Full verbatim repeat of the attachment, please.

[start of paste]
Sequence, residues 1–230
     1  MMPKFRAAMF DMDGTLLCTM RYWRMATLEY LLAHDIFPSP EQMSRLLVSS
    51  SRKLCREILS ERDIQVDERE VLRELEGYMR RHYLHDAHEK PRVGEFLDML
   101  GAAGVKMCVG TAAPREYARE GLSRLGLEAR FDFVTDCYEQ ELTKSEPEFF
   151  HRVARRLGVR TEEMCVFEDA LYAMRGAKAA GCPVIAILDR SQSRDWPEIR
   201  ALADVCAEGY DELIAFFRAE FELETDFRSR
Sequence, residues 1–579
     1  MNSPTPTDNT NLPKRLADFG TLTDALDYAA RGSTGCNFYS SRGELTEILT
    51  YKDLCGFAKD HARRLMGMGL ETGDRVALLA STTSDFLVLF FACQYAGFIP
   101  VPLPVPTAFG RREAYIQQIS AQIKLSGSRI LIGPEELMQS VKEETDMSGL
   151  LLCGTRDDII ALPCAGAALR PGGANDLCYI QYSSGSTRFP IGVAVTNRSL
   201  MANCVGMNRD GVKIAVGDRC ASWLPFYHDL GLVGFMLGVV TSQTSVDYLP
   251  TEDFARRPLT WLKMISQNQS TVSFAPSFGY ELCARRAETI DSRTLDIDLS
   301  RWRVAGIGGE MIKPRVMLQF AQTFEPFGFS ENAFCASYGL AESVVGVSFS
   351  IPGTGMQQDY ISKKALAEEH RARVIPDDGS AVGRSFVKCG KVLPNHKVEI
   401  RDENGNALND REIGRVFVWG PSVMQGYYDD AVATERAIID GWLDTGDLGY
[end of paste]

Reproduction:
Sequence, residues 1–230
     1  MMPKFRAAMF DMDGTLLCTM RYWRMATLEY LLAHDIFPSP EQMSRLLVSS
    51  SRKLCREILS ERDIQVDERE VLRELEGYMR RHYLHDAHEK PRVGEFLDML
   101  GAAGVKMCVG TAAPREYARE GLSRLGLEAR FDFVTDCYEQ ELTKSEPEFF
   151  HRVARRLGVR TEEMCVFEDA LYAMRGAKAA GCPVIAILDR SQSRDWPEIR
   201  ALADVCAEGY DELIAFFRAE FELETDFRSR
Sequence, residues 1–579
     1  MNSPTPTDNT NLPKRLADFG TLTDALDYAA RGSTGCNFYS SRGELTEILT
    51  YKDLCGFAKD HARRLMGMGL ETGDRVALLA STTSDFLVLF FACQYAGFIP
   101  VPLPVPTAFG RREAYIQQIS AQIKLSGSRI LIGPEELMQS VKEETDMSGL
   151  LLCGTRDDII ALPCAGAALR PGGANDLCYI QYSSGSTRFP IGVAVTNRSL
   201  MANCVGMNRD GVKIAVGDRC ASWLPFYHDL GLVGFMLGVV TSQTSVDYLP
   251  TEDFARRPLT WLKMISQNQS TVSFAPSFGY ELCARRAETI DSRTLDIDLS
   301  RWRVAGIGGE MIKPRVMLQF AQTFEPFGFS ENAFCASYGL AESVVGVSFS
   351  IPGTGMQQDY ISKKALAEEH RARVIPDDGS AVGRSFVKCG KVLPNHKVEI
   401  RDENGNALND REIGRVFVWG PSVMQGYYDD AVATERAIID GWLDTGDLGY